The People's Perspective on Medicine

Coconut Cookies Help Control Diarrhea from Colitis or Crohn’s Disease

Q. A couple years ago you offered a recipe for coconut macaroons that helped a young person with colitis or Crohn’s disease. I have misplaced the recipe, but my son was just diagnosed with ulcerative colitis and I want to make them for him. Where can I find it?

A. Many readers have offered testimonials about the value of coconut in easing chronic diarrhea. This is one of the troublesome symptoms of inflammatory bowel disease such as Crohn’s or ulcerative colitis.

We first learned about coconut macaroon cookies from Donald Agar, who discovered that eating two a day was a better treatment for his chronic diarrhea from Crohn’s than the medication Imodium. Animal research suggests that coconut oil may indeed have anti-inflammatory activity in the large intestines (Journal of Nutrition, March, 2009).

Coconut macaroon cookies contain shredded coconut, egg whites, almond extract, salt and sugar. The recipe is in the book we are sending you, Recipes & Remedies From The People’s Pharmacy.

Here are a few testimonials. From RES:

I have been using a tablespoon of coconut flakes plus 1/2 banana on my cereal every morning and my diarrhea has been under control completely. The coconut really works & one tablespoon a day doesn’t cause any great problem.”

From CPMT:

“I ALSO HAVE IBS and drink coconut water, or milk, or dry coconut with no sugar added. all of them work for me.”

From NH:

“I keep dried, unsweetened coconut on hand and eat some if and when I feel there is a need. It not only stops the diarrhea but growling and other complaints my intestines make. I like it better because I try to stay away from sugar. I have had trouble with nausea for about 4 months now and had forgotten about the coconut so I am going to try using it to see if I can get rid of this nausea. Thanks for the reminder. Try the coconut, even if you are skeptical. It can’t hurt you. I do not mix it with anything and it is kinda dry so be careful and chew it well.”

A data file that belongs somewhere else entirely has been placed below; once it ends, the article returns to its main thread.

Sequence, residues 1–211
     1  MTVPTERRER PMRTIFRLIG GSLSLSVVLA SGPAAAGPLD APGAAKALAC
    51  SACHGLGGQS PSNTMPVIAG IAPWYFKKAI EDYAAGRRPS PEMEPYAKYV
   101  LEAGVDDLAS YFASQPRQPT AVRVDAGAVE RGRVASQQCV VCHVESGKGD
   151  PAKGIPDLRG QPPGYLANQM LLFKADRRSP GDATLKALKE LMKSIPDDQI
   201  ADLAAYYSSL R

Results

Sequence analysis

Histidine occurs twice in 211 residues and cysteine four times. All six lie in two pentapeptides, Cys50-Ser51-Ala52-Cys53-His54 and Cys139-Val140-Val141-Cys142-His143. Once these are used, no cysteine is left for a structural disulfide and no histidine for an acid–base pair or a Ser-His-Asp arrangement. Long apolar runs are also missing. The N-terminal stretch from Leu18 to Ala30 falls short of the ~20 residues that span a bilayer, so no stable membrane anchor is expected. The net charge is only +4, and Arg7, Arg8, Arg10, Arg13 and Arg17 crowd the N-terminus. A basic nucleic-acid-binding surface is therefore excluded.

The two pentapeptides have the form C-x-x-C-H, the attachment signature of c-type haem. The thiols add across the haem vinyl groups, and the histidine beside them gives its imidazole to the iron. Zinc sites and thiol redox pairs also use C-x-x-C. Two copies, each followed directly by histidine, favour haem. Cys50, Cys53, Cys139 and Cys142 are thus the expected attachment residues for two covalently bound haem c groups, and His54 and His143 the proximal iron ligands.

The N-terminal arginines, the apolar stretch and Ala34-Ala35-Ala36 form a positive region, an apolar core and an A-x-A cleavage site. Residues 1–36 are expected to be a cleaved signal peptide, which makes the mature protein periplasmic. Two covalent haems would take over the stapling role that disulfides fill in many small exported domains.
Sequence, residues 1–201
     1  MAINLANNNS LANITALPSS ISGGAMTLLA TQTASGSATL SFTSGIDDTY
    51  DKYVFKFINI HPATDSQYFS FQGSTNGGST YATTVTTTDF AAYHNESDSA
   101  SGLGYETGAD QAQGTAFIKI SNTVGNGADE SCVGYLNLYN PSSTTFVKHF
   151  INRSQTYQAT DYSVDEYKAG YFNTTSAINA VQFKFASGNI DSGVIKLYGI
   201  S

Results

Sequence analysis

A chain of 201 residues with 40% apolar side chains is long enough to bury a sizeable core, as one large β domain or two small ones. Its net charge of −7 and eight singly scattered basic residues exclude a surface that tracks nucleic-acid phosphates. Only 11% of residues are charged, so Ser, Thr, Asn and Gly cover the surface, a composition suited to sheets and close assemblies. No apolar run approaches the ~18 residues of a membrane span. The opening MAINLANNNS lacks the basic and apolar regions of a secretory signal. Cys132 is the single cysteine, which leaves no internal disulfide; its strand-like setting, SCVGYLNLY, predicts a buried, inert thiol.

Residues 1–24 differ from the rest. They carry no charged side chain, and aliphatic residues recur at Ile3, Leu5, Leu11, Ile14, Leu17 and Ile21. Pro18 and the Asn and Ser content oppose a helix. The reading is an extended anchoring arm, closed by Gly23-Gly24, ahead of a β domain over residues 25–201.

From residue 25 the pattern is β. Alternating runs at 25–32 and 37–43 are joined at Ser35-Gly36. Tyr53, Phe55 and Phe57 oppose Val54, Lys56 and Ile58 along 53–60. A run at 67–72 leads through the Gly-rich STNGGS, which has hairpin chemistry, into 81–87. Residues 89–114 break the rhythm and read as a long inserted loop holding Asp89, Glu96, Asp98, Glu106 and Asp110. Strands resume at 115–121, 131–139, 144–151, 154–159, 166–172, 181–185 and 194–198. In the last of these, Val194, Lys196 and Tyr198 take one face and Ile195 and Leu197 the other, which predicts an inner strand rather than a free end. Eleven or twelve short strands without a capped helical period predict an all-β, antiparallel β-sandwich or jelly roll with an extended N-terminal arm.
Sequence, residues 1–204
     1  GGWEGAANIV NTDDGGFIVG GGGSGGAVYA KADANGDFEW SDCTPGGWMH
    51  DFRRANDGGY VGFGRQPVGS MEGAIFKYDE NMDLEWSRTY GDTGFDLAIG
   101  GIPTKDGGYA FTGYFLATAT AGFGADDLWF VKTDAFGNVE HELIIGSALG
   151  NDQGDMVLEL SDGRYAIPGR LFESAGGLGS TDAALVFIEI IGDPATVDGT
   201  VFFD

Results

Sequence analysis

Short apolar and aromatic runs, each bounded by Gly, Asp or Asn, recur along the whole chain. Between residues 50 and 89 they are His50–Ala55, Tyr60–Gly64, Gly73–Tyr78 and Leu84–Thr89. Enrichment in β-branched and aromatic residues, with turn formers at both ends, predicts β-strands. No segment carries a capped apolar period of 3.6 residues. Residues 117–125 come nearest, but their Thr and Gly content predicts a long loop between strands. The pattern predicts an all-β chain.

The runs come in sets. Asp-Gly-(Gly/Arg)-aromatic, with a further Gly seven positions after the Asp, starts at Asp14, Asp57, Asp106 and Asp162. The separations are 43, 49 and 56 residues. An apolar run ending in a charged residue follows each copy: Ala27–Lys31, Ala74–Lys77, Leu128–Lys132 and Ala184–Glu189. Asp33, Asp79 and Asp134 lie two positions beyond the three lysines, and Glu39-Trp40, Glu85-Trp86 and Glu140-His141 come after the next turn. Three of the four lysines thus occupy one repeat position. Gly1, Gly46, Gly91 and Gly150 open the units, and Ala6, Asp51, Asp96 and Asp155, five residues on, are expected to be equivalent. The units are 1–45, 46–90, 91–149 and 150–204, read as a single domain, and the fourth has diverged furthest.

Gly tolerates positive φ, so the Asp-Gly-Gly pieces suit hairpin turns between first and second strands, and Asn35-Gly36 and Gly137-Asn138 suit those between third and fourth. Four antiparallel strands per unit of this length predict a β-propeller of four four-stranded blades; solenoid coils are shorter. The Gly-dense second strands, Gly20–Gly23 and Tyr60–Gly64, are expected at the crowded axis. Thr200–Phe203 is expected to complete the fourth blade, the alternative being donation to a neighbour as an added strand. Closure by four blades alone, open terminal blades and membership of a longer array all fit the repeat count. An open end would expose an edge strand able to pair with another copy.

From CAS:

“I’m a health information professional and the mother of a previously healthy nonsmoking, non-substance-abusing, non-soda-pop drinking, non-red meat-eating, and primarily lacto-ovo vegetarian teenager. Despite all these good habits my son was diagnosed with ulcerative colitis at the age of 13. 15-20% of the 1 million Americans living with inflammatory bowel disease are under 18 and some of them are infants and toddlers. Our family has learned to take statements about dietary prevention or “cures” for digestive diseases with a considerable amount of salt.

“Crohn’s Disease and ulcerative colitis are thought to be autoimmune diseases, and like the other 80-odd autoimmune diseases out there, they are subject to an incredible amount of individual variation; some people go into remission lasting many years with no interventions at all; others, like my son, have great difficulty staying in remission.

“Jordan Rubin’s website indicates that he has Crohn’s Disease, not ulcerative colitis. These two make up the principal inflammatory bowel diseases, and are treated with many of the same medications, but have different clinical courses. Neither has anything to do with IBS. The term “colitis” used by itself is confusing. IBS used to be “spasmodic colitis” years ago.

“I can’t tell if the people recommending coconut are talking about IBS or ulcerative colitis. It is true that many people living with inflammatory bowel disease find that following particular diets and avoiding particular foods makes a big difference in their symptoms. Be very wary, however, of anybody who says that any food is a cure or that these diseases are caused by food. This has been extensively researched for decades, and probiotics are being extensively researched now. There is no scientific evidence that diet is implicated in causing inflammatory bowel disease and it’s too early to tell about probiotics helping.